Monday, September 10, 2007

In their own private canoes

It's 1 a.m., and I just woke up from a dream about my students. First time this has happened this school year. Probably not the last. And this I deserve. Yesterday, I was talking to a first-year teacher, and she said that she gets these all-night dreams about her new job.

"Ah, first-week-of-school stress," I said.

"Yeah, don't you hate when that happens? You wake up tired, like you haven't slept at all."

"Nah, I love those kinds of dreams. They sometimes help me figure things out," I said. "But it doesn't happen to me anymore. No stress."

So, let's see if I remember what happened in this dream, which I'm gonna say has nothing at all to do with stress:

I'm out canoeing with one of my classes. It's a beautiful afternoon. At one point, I want them to gather together for a couple of minutes, just so I can tell them about their grades after the first week in my class. I'm proud because I thought of a new evil plan: I'm going to pretend I'm really mad at a few students. I'll call their names and declare that they are troublemakers. "These seven kids," I'm planning to say, "currently have an average higher than 100 percent in my class. And I want to know, what's wrong with you seven? Are you trying to ruin my reputation as a tough teacher?" In truth, there already are a couple of students failing after the first week, but I want to focus on the ones doing well. I want to acknowledge their hard work early on (too often we teachers focus on the ones not doing the work and just assume the hard workers will continue with no recognition). But I also want everyone to see that an A+ is possible.

The plan is to continue: "What's your secret to getting good grades? Are you paying me or something?" I'm hoping that they'll say no, there's no secret, that they just did the work. Funny as it sounds, the students failing probably just don't know how to be a good student. "OOOHHH ... I'm supposed to actually turn in those things you've been talking about?"

Anyway, this is all still in the dream. I really make plans like this in dreams, then hope I remember them in the morning, but I rarely write things down so I rarely remember. This one I should remember, even this part:

I'm trying to round up the kids, but they're all in their own private canoes, and only one or two stop to hear what I have to say. I'm upset because the rest are not listening. And because they're spoiling my planned rant. But then I realize that it's such a beautiful day, and it's my fault for letting them go off on their own without a plan. Oh yeah, I just remembered this detail: It looks like we're in the Florida Keys, canoeing around trees and vegetation, watching all sorts of sea life. Why would they stop to listen to me?

And that's about when I woke up.

I have a "dream" book in my classroom. I'll have to look this up, find out what a dream means when it's about canoes and students not listening. Meanwhile, is there a dream expert out there that can help?

24 Hours Later: Well, it's happened again. Fell asleep a little early last night, because I was tired from a long day and a lack of sleep, and now it's 1 a.m. again and I'm awake again. Don't remember any dreams this time, thankfully. Oh, but I'm happy to report that my evil little plan worked--the good kids were very freaked out when I called their names and said they're in trouble. Then, a big explosion of relief when I gave them my line about having a 100+ percent average. Students that really care about their grades are just so cute.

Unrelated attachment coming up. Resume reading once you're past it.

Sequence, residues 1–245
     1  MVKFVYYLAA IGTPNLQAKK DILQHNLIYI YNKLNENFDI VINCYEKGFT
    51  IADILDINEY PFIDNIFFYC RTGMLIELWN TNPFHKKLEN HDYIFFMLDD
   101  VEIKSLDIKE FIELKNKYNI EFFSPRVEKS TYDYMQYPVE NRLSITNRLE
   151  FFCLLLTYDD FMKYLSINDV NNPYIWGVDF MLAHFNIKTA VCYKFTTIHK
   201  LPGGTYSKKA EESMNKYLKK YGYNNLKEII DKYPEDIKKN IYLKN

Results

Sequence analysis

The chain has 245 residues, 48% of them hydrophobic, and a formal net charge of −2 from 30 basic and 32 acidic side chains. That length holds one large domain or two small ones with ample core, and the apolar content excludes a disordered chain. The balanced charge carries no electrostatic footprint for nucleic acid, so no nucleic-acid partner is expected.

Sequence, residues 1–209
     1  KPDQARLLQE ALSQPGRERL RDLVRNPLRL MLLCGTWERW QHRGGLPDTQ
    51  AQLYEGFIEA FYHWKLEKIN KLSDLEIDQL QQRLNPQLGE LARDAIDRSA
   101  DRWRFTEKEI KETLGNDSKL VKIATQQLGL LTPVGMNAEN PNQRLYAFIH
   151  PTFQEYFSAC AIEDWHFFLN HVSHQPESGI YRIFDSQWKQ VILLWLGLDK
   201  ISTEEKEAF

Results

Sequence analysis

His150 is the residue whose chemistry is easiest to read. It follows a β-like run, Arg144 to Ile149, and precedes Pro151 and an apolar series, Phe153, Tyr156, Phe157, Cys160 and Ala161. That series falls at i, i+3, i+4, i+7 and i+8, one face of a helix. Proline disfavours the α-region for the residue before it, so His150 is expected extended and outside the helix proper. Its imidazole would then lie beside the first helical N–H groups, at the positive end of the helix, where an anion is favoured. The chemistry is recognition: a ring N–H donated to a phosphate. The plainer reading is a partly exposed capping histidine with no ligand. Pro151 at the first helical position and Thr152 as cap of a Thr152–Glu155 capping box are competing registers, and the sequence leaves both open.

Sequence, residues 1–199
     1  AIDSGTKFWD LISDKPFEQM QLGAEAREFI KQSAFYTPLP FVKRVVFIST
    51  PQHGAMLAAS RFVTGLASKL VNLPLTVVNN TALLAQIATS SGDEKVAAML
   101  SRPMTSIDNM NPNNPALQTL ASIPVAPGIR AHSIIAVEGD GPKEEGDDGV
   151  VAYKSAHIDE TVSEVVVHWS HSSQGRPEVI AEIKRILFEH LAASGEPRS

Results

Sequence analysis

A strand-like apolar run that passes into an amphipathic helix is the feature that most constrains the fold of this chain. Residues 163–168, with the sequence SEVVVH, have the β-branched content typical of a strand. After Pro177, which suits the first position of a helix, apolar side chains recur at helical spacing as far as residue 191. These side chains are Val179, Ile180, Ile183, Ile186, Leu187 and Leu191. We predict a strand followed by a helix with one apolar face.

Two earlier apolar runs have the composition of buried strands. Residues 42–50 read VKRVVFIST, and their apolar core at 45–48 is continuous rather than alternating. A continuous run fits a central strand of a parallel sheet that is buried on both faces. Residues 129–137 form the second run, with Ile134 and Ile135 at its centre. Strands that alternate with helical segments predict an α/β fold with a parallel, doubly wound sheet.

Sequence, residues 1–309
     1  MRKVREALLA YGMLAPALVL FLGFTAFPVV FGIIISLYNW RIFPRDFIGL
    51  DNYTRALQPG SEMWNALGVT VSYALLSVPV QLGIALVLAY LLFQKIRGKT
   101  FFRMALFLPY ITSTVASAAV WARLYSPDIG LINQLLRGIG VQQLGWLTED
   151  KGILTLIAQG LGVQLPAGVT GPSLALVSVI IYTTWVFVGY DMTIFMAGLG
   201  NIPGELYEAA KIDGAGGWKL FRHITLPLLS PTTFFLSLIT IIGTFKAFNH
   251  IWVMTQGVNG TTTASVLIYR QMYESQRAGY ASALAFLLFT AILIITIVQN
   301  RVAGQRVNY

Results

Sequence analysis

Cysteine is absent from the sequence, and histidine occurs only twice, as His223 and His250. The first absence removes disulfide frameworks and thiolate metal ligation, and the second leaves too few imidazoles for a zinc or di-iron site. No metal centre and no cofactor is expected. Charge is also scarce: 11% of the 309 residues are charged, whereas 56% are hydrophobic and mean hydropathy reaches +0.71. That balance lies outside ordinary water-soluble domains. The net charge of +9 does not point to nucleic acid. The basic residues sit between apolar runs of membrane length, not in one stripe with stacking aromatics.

3 comments:

jenska said...

It will be interesting to see if it encourages some of those on the cusp of getting good grades to work a little harder. Do you ever have kids in your classes who think it's lame to get called out for doing well?

appopt said...

Among some students, I think there is pressure not to do well. Nobody wants to be called a nerd. But I've got a few tricks to make even the least motivated student try to do well. You'll have to stay tuned for those stories ...

Anonymous said...

I am definately a psychology dream expert. In this dream the water represents an overflow of somthing. Not being able to control or contain your inner thoughts about somthing. Usually it's a symbol of heavy intense emotion. The fact that you are on canoes show that an exagerration of some sort is needed perhaps to prove a point. A dependence on some
factor outside of yourself or your students.The students not listening because there's so much happening around them shows a hiddent fear of competing with their lives that perhaps are challenged by things that might be more urgent than the class and you're afraid that leaves them at a disadvantage to the amount of knowledge they can gather if they could just free themselves. The idea in the dream is not a symbol of any sort but a motor sensory function of a different part of the brain- the left hemisphere that concentrates on the logical side of things. The fact that you remember the idea long enough to jot it down definately reaches the hippocampus where it is stored as a short term memory.